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By: Michel Eyquem de Montaigne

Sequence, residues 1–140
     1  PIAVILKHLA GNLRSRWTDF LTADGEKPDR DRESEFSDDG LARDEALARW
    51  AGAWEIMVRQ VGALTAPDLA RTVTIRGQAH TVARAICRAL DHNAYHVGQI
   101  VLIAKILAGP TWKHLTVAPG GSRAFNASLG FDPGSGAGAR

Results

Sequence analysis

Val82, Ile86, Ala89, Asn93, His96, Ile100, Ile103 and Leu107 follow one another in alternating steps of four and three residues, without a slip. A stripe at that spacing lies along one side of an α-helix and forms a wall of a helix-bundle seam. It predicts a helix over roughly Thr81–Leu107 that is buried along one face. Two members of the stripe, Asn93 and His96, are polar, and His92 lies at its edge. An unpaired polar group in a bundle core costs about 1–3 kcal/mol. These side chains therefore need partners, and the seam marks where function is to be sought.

... occupations, idle imaginations, and unprofitable propositions. As if you grant follie what it desireth, it will no-whit be satisfied; so is wisdome... ... true seeds or roots of cruelty, of tyranny, and of treason. In youth they bud, and afterward grow to strength, and come to perfection by meanes of c... ... in courtesie, to sue unto him for the deliverie of his prisoner, which he granted; the French Nobilitie never refusing Ladies any kindnesse. Seemeth... ...le and endure. So have we nothing to doe but with paine. I will willingly grant them that it is the worst accident of our being. For I am the man th... ...hath said, Apollo heare, Loth to be heard, Goddesse of theeves, said he, Grant me to cousen, and yet just appeare, My faults in night, my frauds in... ...ten, melt, and dissolve into a kind of whey, namely, when it beginneth to bud, fearing it should turne to seed, and lose the nature of a storehouse,... ..., for their sustenance, the part and gnaw off the end whereat it wonts to bud. As for warre, which is the greatest and most glorious of all humane a... ...w and recover it selfe on old age, I earnestly advise it to do it; let it bud, blossome, and flourish if it can as Misle-toe on a dead tree. I feare... ...y. For, whereas Homer extends it untill such time as the chinne begins to bud, Plato himselfe hath noted the same for very rare, and the cause for wh...

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